Eric Repphun of the Dunedin School offers his pick list of The Top 11 Religiously Themed Films of the Decade, in no particular order, as follows:
1. Sunshine (Danny Boyle, 2007)
2. Children of Men (Afonso Cuaron, 2006)
3. There Will Be Blood (Paul Thomas Anderson, 2007)
4. Heaven (Tom Tykwer, 2002)
5. The Dark Knight (Christopher Nolan, 2008)
6. The New World (Terrence Malick, 2005)
7. Jesus Camp (Heidi Ewing and Rachel Grady, 2006)
8. Spring, Summer, Fall, Winter… and Spring (Kim Ki-Duk, 2003)
9. The Proposition (John Hillcoat, 2005)
10. Spirited Away (Hayao Miyazaki, 2001)
11. The Bothersome Man (Jens Lien, 2006)
I’ve seen seven of these (1, 2, 3, 4, 5, 9, 10) and appreciate the reason for The Dark Knight‘s inclusion: “When the butler Alfred tells Bruce Wayne, Batman’s playboy alter-ego, that some men – the Joker in this case – just want to watch the world burn, he nails the character of religiously-motivated violence in the contemporary world, which is more performative and symbolic than strategic or tactical.” I’m also very pleased to see There Will Be Blood making the cut. The narrative and moral scope of this film is amazing, involving the power of charisma, hypocrisy, exploitation (of land and children), and alienation from society. I didn’t much care for Spirited Away, but then animation seldom impresses me.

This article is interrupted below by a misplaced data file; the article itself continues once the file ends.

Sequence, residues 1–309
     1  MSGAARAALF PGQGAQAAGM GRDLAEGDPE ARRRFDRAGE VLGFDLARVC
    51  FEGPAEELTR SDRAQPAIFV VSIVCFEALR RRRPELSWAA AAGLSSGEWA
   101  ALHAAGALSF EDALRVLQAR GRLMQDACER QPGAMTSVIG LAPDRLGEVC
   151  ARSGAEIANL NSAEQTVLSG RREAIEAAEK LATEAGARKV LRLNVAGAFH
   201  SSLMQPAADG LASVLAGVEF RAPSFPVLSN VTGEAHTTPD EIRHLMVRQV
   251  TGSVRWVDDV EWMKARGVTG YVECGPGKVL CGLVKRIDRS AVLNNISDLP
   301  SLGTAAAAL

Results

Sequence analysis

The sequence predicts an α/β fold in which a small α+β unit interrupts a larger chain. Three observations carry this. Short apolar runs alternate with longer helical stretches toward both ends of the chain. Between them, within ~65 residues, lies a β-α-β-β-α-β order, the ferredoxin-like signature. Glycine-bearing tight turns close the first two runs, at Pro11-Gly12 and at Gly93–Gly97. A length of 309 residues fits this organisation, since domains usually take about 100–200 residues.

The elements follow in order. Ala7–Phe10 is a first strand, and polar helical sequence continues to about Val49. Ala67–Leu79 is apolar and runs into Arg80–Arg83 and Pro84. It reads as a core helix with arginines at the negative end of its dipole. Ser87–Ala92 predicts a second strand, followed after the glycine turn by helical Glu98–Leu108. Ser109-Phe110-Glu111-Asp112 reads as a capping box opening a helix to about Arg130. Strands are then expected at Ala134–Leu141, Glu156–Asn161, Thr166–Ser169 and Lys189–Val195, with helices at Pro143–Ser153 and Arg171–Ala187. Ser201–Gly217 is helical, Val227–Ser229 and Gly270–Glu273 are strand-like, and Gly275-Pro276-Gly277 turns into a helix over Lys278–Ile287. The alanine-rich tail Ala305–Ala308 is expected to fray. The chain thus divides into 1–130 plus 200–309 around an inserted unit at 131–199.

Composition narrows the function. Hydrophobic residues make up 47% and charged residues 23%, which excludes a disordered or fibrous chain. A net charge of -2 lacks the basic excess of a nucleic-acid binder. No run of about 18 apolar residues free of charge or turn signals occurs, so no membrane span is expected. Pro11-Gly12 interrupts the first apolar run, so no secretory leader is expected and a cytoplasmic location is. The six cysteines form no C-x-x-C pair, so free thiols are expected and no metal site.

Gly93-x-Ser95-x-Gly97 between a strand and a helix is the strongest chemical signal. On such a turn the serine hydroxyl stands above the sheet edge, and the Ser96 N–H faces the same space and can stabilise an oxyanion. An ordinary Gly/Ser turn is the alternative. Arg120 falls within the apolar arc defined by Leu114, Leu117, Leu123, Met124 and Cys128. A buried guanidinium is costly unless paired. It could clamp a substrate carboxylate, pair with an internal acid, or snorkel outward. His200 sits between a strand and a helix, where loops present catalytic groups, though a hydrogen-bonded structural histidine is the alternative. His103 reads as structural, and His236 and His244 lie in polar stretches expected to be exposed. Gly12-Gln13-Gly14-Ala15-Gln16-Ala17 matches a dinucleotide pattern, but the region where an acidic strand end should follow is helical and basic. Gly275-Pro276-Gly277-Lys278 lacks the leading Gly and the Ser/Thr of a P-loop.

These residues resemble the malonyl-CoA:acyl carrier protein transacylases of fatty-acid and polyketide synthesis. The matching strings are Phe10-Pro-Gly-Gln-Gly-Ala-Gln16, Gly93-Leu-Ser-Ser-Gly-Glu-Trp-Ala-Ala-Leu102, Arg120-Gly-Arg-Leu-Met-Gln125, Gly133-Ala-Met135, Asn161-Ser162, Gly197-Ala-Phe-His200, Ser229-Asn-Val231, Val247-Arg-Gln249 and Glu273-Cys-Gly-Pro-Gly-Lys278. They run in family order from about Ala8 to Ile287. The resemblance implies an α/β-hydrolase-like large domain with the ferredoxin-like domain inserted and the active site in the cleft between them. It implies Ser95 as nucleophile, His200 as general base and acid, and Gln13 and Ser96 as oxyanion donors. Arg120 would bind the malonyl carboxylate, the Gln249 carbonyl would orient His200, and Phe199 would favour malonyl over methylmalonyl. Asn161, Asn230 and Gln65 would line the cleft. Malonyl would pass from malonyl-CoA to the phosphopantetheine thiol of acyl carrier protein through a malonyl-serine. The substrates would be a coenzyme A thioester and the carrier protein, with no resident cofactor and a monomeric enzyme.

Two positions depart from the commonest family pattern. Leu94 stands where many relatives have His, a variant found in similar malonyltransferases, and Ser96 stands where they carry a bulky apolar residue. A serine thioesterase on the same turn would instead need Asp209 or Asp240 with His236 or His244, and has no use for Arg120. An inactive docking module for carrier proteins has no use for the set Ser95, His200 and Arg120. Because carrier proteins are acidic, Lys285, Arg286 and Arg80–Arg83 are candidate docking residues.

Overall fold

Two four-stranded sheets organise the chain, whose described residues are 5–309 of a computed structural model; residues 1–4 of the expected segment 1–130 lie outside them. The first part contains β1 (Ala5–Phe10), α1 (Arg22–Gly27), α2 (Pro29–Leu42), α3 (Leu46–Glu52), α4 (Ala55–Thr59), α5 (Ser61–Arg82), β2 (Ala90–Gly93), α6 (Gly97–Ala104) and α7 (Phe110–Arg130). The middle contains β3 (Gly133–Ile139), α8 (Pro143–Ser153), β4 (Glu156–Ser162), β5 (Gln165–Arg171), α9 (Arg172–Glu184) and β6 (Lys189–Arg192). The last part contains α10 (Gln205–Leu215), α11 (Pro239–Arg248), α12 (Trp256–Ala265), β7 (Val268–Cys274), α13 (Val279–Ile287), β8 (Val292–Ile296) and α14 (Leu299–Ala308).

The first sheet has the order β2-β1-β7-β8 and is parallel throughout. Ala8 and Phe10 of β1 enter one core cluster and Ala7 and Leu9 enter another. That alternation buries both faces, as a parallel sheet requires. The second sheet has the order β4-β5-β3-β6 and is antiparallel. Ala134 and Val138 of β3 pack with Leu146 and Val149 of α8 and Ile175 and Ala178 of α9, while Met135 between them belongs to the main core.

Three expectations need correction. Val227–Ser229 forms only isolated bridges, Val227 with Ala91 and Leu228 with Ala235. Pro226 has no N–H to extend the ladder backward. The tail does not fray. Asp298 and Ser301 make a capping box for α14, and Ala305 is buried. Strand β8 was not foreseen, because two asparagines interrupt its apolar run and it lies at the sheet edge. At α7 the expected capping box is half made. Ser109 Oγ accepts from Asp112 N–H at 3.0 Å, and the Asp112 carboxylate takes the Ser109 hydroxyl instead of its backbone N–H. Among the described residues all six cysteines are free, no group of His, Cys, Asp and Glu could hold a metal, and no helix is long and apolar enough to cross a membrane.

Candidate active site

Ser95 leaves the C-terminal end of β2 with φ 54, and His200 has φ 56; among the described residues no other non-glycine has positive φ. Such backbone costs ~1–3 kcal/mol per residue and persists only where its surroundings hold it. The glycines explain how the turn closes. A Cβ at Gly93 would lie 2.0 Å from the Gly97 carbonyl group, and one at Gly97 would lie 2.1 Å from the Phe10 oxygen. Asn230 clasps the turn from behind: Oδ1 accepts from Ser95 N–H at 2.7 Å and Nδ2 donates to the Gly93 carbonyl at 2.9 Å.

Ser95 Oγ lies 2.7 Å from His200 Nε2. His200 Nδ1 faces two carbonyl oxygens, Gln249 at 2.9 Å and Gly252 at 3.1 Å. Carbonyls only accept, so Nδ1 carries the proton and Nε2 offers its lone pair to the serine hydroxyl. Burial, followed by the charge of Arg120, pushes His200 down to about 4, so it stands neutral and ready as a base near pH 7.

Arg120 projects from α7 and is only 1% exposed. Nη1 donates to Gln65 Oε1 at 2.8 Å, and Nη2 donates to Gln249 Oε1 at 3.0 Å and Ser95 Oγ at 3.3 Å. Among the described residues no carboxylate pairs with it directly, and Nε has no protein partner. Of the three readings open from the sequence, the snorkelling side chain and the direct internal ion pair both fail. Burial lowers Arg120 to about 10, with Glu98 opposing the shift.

Repphun then singles out what he considers the worst religious movie of the decade:
The Passion of the Christ (Mel Gibson, 2004)
Readers know I admire this film, even if I’m light-years away from Gibson’s world-view, and in fact it’s one of my favorite three Jesus-films of all time — the others being Pasolini’s Gospel According to St. Matthew (praised in passing by Repphun) and Arcand’s Jesus of Montreal.
On whole it’s a nice list, and I’ll have to add the four I haven’t seen to my Netflix queue.
UPDATE: Mark Goodacre also has things to say about Repphun’s aversion to The Passion of the Christ.
UPDATE (II): Repphun inspired me to do my own pick list, on which three of his choices appear.